Many undone household tasks go the way of the proverbial frog in boiling water: We don't notice the difference at first, but over time, the cumulative effect is drastic. This week we're going to address one such effect in our kitchens.
Apartment Therapy Weekend Projects is a guided program designed to help you get the happy, healthy home you've always wanted, one weekend at a time. Sign up now for email updates so you never miss a lesson.
This Weekend's Assignment:
Sharpen your kitchen knives.
(Or have them sharpened.)
First things first. That rod that came with your knife set is not a sharpener; it's a honing steel, or honer. You definitely should be using it, though, every two to four uses or once a week, to be exact. Honing balances your knife blade and helps it stay sharp between actual sharpenings. Here's how to do it.
Sharpening (actually sharpening) your knives once a year is important for safety reasons. A sharp knife is less likely to slip off your carrot onto your vulnerable fingers. Not to mention the fact that sharp knives also make chopping much more pleasant.
While it's possible to sharpen knives at home, if you're a beginner, you don't have to try to use a whetstone. Leave that to the professionals. Instead, invest in a quality electric or manual knife sharpener.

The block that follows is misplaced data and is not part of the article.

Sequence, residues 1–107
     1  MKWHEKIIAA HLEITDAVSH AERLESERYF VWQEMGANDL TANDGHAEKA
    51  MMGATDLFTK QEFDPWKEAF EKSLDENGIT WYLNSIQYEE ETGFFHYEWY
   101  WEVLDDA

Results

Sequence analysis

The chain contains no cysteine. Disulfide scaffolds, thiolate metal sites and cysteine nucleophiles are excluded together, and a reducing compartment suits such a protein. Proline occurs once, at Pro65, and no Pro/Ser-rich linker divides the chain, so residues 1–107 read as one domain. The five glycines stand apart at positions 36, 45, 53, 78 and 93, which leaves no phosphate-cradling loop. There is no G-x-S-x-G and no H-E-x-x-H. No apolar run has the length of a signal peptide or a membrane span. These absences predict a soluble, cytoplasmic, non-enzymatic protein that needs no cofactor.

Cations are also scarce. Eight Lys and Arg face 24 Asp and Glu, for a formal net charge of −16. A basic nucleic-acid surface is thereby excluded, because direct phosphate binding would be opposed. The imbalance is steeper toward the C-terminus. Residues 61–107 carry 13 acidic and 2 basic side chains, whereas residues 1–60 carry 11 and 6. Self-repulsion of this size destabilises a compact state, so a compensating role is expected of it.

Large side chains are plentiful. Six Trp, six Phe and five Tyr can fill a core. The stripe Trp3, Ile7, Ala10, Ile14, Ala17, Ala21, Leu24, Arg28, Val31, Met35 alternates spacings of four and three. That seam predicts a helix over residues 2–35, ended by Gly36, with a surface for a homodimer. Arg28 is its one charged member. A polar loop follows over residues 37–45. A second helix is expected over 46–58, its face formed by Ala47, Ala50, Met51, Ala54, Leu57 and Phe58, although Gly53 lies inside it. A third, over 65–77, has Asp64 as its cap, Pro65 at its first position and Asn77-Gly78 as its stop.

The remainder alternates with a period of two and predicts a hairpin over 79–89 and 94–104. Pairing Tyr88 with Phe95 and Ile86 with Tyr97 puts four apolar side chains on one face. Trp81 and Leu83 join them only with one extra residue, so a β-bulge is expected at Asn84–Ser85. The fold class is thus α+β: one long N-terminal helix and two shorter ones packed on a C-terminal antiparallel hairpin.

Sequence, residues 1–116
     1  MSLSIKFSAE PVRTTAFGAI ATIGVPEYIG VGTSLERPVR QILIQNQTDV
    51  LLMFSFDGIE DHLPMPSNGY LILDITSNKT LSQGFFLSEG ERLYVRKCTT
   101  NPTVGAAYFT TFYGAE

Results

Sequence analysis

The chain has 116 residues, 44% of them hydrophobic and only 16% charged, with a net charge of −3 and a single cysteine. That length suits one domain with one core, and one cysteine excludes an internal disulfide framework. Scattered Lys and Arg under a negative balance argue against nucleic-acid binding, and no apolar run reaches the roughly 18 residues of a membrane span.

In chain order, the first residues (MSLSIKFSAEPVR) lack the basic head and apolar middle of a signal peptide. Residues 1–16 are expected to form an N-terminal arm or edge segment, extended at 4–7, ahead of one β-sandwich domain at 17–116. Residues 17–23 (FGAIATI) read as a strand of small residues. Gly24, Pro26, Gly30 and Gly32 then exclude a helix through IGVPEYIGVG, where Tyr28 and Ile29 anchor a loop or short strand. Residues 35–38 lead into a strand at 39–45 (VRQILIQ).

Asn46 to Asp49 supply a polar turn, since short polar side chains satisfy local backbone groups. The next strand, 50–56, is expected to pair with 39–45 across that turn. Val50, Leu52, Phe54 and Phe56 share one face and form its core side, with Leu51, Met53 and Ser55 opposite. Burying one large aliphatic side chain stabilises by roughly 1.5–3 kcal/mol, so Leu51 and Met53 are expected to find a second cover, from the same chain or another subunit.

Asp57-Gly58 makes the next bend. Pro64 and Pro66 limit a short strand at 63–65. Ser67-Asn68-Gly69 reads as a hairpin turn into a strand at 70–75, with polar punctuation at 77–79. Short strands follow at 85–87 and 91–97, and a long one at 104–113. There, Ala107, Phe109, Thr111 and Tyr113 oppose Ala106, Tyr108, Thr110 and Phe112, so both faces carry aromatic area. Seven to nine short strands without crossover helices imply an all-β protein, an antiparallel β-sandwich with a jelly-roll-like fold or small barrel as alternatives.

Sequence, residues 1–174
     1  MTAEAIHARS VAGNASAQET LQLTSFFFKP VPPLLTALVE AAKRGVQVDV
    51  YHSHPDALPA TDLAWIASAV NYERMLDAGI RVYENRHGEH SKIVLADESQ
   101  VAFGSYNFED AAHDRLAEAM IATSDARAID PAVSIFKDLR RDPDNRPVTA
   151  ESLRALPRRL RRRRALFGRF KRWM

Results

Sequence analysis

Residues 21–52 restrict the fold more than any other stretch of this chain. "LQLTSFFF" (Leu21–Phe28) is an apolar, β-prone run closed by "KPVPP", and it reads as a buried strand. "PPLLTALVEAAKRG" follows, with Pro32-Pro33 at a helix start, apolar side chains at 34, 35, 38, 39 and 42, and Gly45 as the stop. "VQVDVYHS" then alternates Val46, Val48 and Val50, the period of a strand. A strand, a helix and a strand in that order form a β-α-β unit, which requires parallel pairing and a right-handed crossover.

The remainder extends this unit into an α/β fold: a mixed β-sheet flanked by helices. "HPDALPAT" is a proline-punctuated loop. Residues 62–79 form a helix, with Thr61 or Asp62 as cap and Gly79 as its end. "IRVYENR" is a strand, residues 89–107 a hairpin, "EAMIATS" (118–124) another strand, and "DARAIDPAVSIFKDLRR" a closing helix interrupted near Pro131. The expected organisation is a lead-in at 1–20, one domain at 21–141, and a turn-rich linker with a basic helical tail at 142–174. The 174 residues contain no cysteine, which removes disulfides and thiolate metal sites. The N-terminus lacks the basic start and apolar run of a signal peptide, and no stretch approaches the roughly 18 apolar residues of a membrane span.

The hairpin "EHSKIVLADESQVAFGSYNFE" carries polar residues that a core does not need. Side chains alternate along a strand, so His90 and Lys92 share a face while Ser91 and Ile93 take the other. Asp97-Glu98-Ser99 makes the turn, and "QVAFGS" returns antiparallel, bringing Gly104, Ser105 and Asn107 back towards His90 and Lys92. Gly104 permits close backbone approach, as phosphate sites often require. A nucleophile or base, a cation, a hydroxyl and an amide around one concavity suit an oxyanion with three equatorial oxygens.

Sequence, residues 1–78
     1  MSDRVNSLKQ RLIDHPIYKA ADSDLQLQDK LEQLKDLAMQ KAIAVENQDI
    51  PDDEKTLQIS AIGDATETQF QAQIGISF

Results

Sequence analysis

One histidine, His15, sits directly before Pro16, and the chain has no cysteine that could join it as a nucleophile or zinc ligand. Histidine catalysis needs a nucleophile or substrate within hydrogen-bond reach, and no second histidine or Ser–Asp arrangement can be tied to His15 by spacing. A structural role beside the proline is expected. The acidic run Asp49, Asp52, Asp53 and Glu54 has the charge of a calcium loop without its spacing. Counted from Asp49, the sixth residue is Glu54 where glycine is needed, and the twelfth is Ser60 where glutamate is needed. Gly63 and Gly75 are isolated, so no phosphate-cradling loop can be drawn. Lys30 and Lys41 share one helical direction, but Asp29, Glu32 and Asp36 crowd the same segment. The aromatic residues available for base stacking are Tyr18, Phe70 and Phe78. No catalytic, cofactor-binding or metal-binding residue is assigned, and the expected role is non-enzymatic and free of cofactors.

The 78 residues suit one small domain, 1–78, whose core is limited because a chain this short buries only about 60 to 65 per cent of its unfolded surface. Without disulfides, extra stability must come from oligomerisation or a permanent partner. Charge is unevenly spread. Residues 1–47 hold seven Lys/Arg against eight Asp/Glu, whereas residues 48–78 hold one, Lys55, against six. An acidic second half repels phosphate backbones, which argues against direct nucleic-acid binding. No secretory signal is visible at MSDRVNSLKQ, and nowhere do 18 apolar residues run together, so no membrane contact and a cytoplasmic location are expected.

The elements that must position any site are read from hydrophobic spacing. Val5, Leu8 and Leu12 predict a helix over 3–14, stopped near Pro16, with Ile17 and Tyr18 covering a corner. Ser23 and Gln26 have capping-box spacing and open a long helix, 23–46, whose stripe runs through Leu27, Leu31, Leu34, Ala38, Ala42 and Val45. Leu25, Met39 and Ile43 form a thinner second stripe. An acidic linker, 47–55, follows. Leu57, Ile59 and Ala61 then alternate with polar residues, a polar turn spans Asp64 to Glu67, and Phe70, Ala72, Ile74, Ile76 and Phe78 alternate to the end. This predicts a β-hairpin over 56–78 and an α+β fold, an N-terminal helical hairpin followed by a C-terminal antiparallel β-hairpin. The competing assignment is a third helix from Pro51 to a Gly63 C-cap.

Cook's Illustrated outlines the pros and cons of each type of sharpener — manual, electric and others — and also busts the myth that knives can be over-sharpened. One key pro to a manual sharpener is that it does a good job on both plain edge and serrated knives. Wirecutter recommends this affordable manual knife sharpener and this upgrade electrical knife sharpener.
Another option is to have your knives professionally sharpened. Find a local place or send them out to be sharpened. Hardware stores, locksmiths, and home improvement stores are some places that may offer knife sharpening services, but make sure you check reviews to ensure your blades are in great hands.
One last tip: It's possible that the butcher at your local grocery store will sharpen your knives for you for free. Call ahead to ask and find out what works best for their schedule.
Whichever way you choose to have your knives sharpened, the next time you pick up your knives to cut a slippery tomato or debone a whole chicken, you will be thrilled at how well your newly sharpened knives work. So much so that you probably won't forget to do it again next year (but just in case, put a reminder on your calendar now).
Remember: This is about improvement, not perfection. Each week you can either choose to work on the assignment we've sent you, or tackle another project you've been meaning to get to. It's also completely okay to skip a weekend if you're busy or not feeling the assignment.